United States District Court, W.D. Oklahoma
DR. RACHEL TUDOR, Plaintiff,
SOUTHEASTERN OKLAHOMA STATE UNIVERSITY and THE REGIONAL UNIVERSITY SYSTEM OF OKLAHOMA, Defendants.
MEMORANDUM OPINION AND ORDER
J. CAUTHRON UNITED STATES DISTRICT JUDGE
brought the present action asserting that Defendants violated
Title VII during the course of her employment as an associate
professor at Southeastern Oklahoma State University
(“Southeastern”). The matter was tried to a jury,
which found in favor of Plaintiff. Plaintiff filed a
post-trial motion requesting reinstatement. The Court denied
that request, finding that the relationship between the
parties was so fractured as to make reinstatement infeasible.
Plaintiff then requested the Court to award front pay
damages. The Court agreed an award of front pay was
appropriate and calculated an appropriate amount. The Court
then directed the parties to address any alteration that
should be made to the jury's determination of damages
prior to entry of judgment. In response to that Order,
Plaintiff has filed a Motion to Reconsider the calculation of
front pay. Defendants have filed a Motion requesting the
Court to apply the statutory cap on damages, found at 42
U.S.C. § 1981a, to the jury's verdict. With these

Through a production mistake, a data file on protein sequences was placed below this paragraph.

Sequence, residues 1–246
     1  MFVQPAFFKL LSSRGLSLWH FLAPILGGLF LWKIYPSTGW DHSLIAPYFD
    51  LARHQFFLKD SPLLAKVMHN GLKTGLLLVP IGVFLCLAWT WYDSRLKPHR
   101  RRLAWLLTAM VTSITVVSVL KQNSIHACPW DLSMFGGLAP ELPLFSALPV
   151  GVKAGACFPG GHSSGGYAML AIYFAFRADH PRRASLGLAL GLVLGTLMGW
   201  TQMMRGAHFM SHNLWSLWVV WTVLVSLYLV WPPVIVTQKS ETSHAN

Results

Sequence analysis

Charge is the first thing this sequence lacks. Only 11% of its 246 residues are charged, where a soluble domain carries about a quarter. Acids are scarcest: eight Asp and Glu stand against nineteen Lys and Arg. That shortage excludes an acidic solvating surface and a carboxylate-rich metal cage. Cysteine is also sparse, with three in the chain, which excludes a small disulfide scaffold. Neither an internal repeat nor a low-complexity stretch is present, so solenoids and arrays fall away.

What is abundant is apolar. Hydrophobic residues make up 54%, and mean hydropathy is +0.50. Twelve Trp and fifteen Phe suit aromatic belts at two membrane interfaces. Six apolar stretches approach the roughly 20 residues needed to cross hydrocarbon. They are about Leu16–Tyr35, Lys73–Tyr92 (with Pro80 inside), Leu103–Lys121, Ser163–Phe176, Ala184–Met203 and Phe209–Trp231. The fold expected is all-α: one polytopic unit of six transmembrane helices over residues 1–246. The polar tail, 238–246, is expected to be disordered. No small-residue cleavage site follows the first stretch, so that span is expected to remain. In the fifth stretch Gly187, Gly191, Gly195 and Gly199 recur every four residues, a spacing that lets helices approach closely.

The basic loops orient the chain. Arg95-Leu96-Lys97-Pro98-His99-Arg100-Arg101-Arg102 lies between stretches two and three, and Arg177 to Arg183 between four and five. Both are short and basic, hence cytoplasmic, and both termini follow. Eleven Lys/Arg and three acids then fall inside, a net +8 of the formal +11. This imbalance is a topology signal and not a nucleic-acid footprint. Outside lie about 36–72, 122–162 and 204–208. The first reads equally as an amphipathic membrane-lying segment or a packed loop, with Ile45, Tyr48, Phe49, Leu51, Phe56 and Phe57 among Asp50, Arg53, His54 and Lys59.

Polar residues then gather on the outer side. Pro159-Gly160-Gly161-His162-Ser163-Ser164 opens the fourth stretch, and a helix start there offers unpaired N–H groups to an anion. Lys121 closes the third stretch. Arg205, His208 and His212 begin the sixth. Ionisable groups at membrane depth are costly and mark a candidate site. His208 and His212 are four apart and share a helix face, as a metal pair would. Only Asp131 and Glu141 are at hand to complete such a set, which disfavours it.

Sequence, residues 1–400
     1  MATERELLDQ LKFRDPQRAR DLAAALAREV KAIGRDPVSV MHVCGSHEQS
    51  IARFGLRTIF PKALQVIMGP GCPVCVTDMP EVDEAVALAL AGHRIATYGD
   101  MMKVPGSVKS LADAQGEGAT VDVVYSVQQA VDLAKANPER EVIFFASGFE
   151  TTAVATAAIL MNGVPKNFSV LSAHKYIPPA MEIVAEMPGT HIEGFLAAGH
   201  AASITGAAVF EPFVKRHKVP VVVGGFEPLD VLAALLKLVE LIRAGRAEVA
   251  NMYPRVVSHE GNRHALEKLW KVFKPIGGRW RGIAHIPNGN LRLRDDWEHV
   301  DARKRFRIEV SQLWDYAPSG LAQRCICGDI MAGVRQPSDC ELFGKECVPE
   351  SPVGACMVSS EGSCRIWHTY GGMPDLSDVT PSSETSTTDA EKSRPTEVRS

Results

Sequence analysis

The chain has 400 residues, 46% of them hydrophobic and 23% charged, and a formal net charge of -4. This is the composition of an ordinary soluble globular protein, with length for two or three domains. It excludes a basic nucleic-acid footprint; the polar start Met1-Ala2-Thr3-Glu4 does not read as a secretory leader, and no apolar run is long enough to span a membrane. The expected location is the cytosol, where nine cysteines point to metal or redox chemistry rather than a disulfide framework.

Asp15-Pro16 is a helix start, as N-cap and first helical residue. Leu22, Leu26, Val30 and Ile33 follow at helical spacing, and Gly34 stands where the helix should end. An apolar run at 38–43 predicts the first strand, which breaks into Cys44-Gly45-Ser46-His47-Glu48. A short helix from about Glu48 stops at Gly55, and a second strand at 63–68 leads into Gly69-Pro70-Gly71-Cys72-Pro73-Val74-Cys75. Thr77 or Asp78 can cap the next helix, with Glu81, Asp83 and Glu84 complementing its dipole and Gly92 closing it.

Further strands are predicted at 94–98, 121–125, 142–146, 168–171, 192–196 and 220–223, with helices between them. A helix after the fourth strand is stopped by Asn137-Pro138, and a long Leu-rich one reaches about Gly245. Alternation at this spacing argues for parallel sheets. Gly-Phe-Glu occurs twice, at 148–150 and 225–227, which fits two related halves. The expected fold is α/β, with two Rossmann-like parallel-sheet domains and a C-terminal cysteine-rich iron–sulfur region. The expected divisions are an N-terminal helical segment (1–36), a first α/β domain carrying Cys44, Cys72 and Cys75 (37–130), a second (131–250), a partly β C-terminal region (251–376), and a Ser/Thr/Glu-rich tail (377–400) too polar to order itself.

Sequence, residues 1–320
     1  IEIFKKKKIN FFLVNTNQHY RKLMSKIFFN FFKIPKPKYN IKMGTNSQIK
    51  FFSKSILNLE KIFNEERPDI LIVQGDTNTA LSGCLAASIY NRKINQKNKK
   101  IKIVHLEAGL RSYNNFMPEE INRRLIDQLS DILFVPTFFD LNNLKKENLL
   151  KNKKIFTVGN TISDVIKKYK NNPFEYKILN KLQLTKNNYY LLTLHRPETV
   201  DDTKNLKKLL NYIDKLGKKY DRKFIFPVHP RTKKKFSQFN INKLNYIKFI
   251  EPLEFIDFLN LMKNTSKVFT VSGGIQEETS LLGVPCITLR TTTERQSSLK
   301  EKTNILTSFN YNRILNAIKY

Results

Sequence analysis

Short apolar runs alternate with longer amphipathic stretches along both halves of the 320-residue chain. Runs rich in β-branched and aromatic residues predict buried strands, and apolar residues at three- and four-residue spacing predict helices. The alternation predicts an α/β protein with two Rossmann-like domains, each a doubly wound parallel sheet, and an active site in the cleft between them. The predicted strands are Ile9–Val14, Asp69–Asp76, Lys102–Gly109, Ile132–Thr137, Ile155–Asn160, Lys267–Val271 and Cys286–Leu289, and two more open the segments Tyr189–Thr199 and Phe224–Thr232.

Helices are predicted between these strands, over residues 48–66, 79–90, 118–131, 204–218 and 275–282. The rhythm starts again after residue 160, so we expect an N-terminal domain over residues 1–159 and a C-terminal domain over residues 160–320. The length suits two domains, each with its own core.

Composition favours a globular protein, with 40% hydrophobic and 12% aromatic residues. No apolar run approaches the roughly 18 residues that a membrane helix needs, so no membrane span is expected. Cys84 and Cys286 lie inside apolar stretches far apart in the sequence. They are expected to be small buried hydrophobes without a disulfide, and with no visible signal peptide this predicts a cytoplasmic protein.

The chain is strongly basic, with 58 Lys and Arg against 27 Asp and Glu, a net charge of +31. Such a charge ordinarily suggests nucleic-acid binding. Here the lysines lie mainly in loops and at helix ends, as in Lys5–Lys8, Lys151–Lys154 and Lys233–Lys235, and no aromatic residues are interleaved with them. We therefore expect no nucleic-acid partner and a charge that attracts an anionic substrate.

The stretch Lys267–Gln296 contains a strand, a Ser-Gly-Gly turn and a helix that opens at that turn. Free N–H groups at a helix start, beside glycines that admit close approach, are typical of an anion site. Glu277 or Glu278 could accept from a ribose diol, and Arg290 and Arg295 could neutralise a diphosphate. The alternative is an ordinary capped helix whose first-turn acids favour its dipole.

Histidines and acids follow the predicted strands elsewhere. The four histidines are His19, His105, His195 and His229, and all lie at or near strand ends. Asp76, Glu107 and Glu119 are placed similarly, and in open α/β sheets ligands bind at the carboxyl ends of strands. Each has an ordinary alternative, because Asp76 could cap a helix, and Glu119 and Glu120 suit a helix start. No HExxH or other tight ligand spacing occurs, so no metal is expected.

filings, the time has come to finalize the matters in this
case and enter judgment.
the Court will address the issues raised by Plaintiff in her
request for reconsideration. Plaintiff argues the Court
improperly calculated front pay by awarding lost wages for
the period between the end of her employment with Defendant
and the start of her employment with Collin College. Perhaps
the Court's language was not as clear as it could have
been. But the Court is aware that front pay is an award for
future damages, not compensation for the period between the
end of employment and the trial. However, as the Court noted
in its Order, the 4th and 5th factors outlined by the Tenth
Circuit in Whittington v. Nordam Group, Inc., 429
F.3d 986, 1002, 1001 (10th Cir. 2005), are determinative in
this case. Those factors direct the Court to consider the
reasonable availability of other work opportunities and the
period within which the Plaintiff may become re-employed with
reasonable efforts. The Court's determination was that
Plaintiff's subsequent employment at Collin College
provided a clear factual basis to answer those two questions.